The U.K. government issued its first “green gilt” this week. The government was looking to raise 10 billion pounds from the bond sale. Investors submitted bids for more than 100 billion pounds, showing a massive appetite for this type of bond. A bid-to-cover ratio of over 10 times is rather impressive! What is a green gilt, and what can we learn about the future of the types of bonds governments might issue?


What is a green bond?

A green bond is any bond that is issued for the purpose of helping fund climate-related initiatives. It’s a relatively new type of bond, coming onto the scene in the early 2000s, but governments at the local, state, national, and even international level are tapping the market to help fund renewable energy projects and other climate change mitigation, adaptation, and carbon transition projects. A key part of any green bond is the disclosure and transparency around what the proceeds are used for. Depending on the repayment guarantees, green bonds can often trade at a “greenium” (green premium) to conventional bonds. That means that if a government issues a generic bond, it can expect to pay slightly moreperhaps between 2 and 5 basis points (bps; 100 bps equal 1.00%)in debt servicing cost compared with if it issued a green bond.


What is special about the green gilt?

The U.K. government wants to be a leader in sustainable finance, and this 0.875% coupon bond that matures in 2033 is the first step toward that goal. The bond proceeds are to be used for things like flood defence and renewable energy projects. The new U.K. green gilt priced at a “greenium” of 2.5 bps on September 21, 2021.



What other green sovereign bonds are out there?

The ICE BofA Green Bond Index (GREN Index)—a fixed-income index that is market capitalization weighted and represents global green bonds outstanding—has 935 issues with a combined market value of $768.1 billion dollars as of September 21, 2021. Issuers include banks, industrial firms, utility companies, governments, and government-related groups like the European Investment Bank, Asian Development Bank, and the International Finance Corporation. Sovereign issuance constitutes 15.9% of the index, currently spread as shown in the chart below.


What is the future for green sovereign bonds?

The market demand for the U.K.’s green bond debut was overwhelming. The bond with a maturity in 2033 is offered at a discount to comparable conventional gilt bonds of around 2.5 bps according to market participants (investors are willing to pay more for the green gilt and give up 2.5 bps in yield).


While the overall green debt issuance globally is increasing rapidly, sterling issuance remains very small at only 2.3% in the GREN Index. The U.K. plans to sell at least GBP 15 billion in green bonds this year. The market welcomes not only the increased liquidity but also the increased transparency in terms of reporting on the projects undertaken linked to this financing. Given the strong demand from pension funds and other institutional investors, we expect the green and sustainable sovereign bond market to grow very quickly.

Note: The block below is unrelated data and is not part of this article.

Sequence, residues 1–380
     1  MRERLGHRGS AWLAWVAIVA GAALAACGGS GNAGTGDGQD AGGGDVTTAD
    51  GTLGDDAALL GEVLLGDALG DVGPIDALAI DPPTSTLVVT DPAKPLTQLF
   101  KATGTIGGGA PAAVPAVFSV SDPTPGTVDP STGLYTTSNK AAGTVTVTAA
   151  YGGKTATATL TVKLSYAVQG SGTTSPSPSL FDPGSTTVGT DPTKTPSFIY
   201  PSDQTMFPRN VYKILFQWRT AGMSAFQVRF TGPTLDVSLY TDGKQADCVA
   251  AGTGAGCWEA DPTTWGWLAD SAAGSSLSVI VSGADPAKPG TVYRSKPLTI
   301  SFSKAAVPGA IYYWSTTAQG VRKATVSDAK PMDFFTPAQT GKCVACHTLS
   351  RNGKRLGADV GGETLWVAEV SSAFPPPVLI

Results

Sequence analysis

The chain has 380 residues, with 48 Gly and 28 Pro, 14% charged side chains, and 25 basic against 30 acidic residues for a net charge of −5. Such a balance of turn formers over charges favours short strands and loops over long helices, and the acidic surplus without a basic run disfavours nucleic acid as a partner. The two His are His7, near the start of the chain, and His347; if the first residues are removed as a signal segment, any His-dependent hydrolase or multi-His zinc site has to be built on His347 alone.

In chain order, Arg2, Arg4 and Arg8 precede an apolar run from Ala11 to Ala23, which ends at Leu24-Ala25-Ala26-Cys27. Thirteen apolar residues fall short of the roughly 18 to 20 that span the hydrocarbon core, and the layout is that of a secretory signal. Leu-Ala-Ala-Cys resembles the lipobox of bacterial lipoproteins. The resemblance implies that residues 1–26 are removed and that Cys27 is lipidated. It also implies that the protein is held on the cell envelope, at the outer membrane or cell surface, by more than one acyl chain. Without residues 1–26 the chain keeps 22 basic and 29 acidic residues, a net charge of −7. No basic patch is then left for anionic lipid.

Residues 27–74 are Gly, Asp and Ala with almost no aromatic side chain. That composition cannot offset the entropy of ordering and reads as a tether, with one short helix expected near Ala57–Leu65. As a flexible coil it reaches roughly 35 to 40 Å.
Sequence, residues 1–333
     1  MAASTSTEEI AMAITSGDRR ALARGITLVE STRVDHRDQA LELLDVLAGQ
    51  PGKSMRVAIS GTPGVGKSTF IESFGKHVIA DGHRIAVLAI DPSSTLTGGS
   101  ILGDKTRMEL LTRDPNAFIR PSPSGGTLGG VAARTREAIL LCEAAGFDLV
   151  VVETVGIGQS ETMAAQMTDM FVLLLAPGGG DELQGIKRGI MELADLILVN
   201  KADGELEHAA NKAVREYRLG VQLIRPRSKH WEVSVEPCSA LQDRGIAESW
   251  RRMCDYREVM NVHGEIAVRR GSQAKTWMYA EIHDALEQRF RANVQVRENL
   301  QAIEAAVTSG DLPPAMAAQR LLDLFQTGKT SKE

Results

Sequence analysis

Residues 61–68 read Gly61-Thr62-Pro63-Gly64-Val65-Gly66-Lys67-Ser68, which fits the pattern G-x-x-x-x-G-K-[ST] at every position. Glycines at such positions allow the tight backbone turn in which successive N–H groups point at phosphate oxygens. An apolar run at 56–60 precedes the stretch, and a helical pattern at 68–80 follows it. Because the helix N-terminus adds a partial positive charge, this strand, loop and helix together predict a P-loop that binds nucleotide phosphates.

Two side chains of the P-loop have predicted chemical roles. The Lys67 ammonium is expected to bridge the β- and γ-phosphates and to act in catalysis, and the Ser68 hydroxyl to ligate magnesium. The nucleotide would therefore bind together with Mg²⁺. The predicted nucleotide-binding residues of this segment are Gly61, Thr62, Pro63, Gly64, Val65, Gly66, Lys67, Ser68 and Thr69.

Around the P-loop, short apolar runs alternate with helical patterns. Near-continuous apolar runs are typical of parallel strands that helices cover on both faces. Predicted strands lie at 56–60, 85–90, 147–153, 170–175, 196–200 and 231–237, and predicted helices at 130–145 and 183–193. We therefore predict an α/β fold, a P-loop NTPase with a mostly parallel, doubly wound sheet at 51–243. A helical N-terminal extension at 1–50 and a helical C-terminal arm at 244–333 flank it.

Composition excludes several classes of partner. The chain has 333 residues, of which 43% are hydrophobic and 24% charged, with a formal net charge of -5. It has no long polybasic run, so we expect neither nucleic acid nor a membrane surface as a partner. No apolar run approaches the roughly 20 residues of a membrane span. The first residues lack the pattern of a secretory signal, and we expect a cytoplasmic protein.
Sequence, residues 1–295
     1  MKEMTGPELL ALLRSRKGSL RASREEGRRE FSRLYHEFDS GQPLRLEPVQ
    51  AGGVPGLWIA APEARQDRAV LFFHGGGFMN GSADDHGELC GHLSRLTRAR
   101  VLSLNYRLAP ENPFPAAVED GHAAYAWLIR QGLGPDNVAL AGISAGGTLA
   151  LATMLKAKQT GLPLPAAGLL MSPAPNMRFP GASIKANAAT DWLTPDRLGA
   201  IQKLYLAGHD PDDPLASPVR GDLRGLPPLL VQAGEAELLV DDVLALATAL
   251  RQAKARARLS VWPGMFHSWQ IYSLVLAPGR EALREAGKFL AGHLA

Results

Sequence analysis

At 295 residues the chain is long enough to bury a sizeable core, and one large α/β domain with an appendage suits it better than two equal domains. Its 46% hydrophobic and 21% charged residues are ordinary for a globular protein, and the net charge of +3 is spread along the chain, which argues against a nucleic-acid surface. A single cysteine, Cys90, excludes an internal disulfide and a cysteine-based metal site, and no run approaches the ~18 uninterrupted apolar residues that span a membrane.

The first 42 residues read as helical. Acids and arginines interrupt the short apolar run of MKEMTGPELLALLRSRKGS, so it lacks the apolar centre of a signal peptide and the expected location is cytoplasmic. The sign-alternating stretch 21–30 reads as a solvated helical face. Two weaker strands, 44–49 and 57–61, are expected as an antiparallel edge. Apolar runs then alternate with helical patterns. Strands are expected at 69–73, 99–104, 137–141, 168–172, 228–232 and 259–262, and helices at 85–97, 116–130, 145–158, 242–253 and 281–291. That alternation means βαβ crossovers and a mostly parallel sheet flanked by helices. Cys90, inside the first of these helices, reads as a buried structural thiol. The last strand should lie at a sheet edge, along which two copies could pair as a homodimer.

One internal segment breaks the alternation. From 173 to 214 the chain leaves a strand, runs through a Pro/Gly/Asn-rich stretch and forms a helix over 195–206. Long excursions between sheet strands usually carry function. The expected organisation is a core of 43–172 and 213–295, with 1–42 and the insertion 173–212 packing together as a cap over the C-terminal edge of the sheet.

In conjunction with the launch of new sustainable investment vehicles such as this, we are keen to support the development of clear ways to assess countries’ overall positions with respect to sovereign-level climate goalscomprising their climate risks and opportunities.


To this end, Wells Fargo Asset Management is very pleased to have recently joined the Advisory Council of the asset owner-led Assessing Sovereign Climate-Related Opportunities and Risk (ASCOR) Project. The project’s goal is to provide a common framework for evaluating countries’ sovereign-level performance on climate change issues.


How can green sovereign bonds help investors?

Green bonds—and, more broadly, sustainability bonds—are useful additional tools for investors to attempt to meet their objectives, both financially as well as from a sustainability and/or impact perspective. The green gilt issue is particularly relevant for investors with an existing allocation to U.K. gilts, such as pension and insurance companies with longer-dated liabilities, who may be interested in deliberately allocating capital in support of the U.K. green agenda.



Bond values fluctuate in response to the financial condition of individual issuers, general market and economic conditions, and changes in interest rates. Changes in market conditions and government policies may lead to periods of heightened volatility in the bond market and reduced liquidity for certain bonds. In general, when interest rates rise, bond values fall and investors may lose principal value. Investing in environmental, social, and governance (ESG) carries the risk that, under certain market conditions, the investments may underperform products that invest in a broader array of investments. In addition, some ESG investments may be dependent on government tax incentives and subsidies and on political support for certain environmental technologies and companies. The ESG sector also may have challenges such as a limited number of issuers and liquidity in the market, including a robust secondary market. Investing primarily in responsible investments carries the risk that, under certain market conditions, an investment may underperform.




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